Washington, Aug 6 (EFE).- More than 1,700 people who were affected by the Sept. 11, 2001, terrorist attacks on the United States said Friday that President Joe Biden should not attend events marking the 20th anniversary of the strikes unless he is ready to declassify documents regarding possible Saudi Arabian involvement in the plot.
“We cannot in good faith, and with veneration to those lost, sick, and injured, welcome the president to our hallowed grounds until he fulfills his commitment,” the group of survivors, first responders and people who lost loved ones said.
Biden made the commitment in a letter last October ahead of his election victory over incumbent Donald Trump.
“The 9/11 Families are right to seek full truth and accountability,” he wrote, adding that if elected, he would direct the attorney general to “personally examine the merits of all cases where the invocation of privilege is recommended, and to err on the side of disclosure in cases where, as here, the events in question occurred two decades or longer ago.”
White House press secretary Jen Psaki said Friday that the president “remains committed” to the pledge he made to 9/11 families.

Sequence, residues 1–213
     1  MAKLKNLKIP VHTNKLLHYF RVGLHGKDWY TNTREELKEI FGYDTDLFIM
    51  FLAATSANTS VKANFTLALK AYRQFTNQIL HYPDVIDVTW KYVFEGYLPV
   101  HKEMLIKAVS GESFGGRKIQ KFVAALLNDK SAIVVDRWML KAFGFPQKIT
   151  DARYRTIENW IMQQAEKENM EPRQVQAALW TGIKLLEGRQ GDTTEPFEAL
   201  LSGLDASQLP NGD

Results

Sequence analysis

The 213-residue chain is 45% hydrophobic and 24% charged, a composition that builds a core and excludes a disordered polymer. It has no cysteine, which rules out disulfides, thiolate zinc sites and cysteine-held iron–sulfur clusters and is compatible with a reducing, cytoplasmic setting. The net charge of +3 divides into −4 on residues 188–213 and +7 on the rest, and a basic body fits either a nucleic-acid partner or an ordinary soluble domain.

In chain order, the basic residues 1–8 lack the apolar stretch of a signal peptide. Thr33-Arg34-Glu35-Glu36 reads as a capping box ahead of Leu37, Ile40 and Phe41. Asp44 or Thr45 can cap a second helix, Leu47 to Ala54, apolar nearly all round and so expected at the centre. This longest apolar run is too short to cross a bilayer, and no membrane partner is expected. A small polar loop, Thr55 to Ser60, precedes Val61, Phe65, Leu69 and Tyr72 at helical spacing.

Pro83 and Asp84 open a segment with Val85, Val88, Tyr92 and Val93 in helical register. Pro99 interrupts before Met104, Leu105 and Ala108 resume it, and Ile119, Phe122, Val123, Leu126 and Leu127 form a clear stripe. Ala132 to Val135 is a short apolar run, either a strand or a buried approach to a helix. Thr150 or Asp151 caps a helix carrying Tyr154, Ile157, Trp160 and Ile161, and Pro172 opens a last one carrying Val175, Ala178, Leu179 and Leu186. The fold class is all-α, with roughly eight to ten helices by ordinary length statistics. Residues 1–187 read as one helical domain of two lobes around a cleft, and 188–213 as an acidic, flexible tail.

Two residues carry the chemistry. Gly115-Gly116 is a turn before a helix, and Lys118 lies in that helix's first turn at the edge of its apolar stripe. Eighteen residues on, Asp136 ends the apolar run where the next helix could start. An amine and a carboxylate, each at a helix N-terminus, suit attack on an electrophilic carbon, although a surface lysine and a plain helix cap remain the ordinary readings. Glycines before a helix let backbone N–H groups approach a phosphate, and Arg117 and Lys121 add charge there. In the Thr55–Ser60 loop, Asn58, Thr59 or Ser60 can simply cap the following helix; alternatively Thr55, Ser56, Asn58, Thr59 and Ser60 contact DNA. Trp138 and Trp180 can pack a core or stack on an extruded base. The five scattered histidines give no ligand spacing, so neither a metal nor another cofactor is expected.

She did not say whether the documents in question would be released.
“Since the conclusion of the 9/11 Commission in 2004 much investigative evidence has been uncovered implicating Saudi government officials in supporting the attacks,” the group said in their statement.
“Through multiple administrations, the Department of Justice and the FBI have actively sought to keep this information secret and prevent the American people from learning the full truth about the 9/11 attacks,” the statement continued.
Former Sen. Bob Graham, who chaired the Senate Intelligence Committee in 2001-2003, said in a sworn affidavit that “there was evidence of support from the Saudi government for the terrorists.”
After leaving the Senate in 2005, the Florida Democrat spent years demanding the release of 28 pages related to Saudi Arabia that were omitted from the published 9/11 Commission report.
In 2017, former FBI Special Agent Stephen Moore, who oversaw part of the FBI probe into the attacks, testified under oath that he and his colleagues concluded that “diplomatic and intelligence personnel of the Kingdom of Saudi Arabia knowingly provided material support to the two 9/11 hijackers and facilitated the 9/11 plot.”
Nearly 3,000 people were killed on Sept. 11, 2001, when 19 Al-Qaeda terrorists flew hijacked commercial airliners into the twin towers of New York’s World Trade Center and the Pentagon in Washington.
A fourth aircraft crashed in Shanksville, Pennsylvania, amid a struggle between the hijackers and the passengers while on a heading to the US capital. EFE